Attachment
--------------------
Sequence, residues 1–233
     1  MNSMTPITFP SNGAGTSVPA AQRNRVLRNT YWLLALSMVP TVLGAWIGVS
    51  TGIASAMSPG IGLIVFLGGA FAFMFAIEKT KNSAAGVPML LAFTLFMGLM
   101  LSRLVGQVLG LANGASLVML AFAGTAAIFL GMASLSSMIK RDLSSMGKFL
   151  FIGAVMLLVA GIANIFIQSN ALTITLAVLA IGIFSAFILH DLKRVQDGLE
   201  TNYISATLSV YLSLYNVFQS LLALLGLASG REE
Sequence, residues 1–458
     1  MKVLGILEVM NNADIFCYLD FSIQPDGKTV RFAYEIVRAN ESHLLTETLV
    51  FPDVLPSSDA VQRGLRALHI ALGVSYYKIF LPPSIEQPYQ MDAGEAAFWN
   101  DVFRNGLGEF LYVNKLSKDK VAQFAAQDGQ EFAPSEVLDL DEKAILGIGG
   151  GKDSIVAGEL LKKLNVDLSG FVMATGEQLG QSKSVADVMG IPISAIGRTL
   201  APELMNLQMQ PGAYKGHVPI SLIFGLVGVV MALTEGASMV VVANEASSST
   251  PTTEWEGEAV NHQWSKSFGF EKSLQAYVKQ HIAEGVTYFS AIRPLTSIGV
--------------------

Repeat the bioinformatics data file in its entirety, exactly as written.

Sequence, residues 1–233
     1  MNSMTPITFP SNGAGTSVPA AQRNRVLRNT YWLLALSMVP TVLGAWIGVS
    51  TGIASAMSPG IGLIVFLGGA FAFMFAIEKT KNSAAGVPML LAFTLFMGLM
   101  LSRLVGQVLG LANGASLVML AFAGTAAIFL GMASLSSMIK RDLSSMGKFL
   151  FIGAVMLLVA GIANIFIQSN ALTITLAVLA IGIFSAFILH DLKRVQDGLE
   201  TNYISATLSV YLSLYNVFQS LLALLGLASG REE
Sequence, residues 1–458
     1  MKVLGILEVM NNADIFCYLD FSIQPDGKTV RFAYEIVRAN ESHLLTETLV
    51  FPDVLPSSDA VQRGLRALHI ALGVSYYKIF LPPSIEQPYQ MDAGEAAFWN
   101  DVFRNGLGEF LYVNKLSKDK VAQFAAQDGQ EFAPSEVLDL DEKAILGIGG
   151  GKDSIVAGEL LKKLNVDLSG FVMATGEQLG QSKSVADVMG IPISAIGRTL
   201  APELMNLQMQ PGAYKGHVPI SLIFGLVGVV MALTEGASMV VVANEASSST
   251  PTTEWEGEAV NHQWSKSFGF EKSLQAYVKQ HIAEGVTYFS AIRPLTSIGV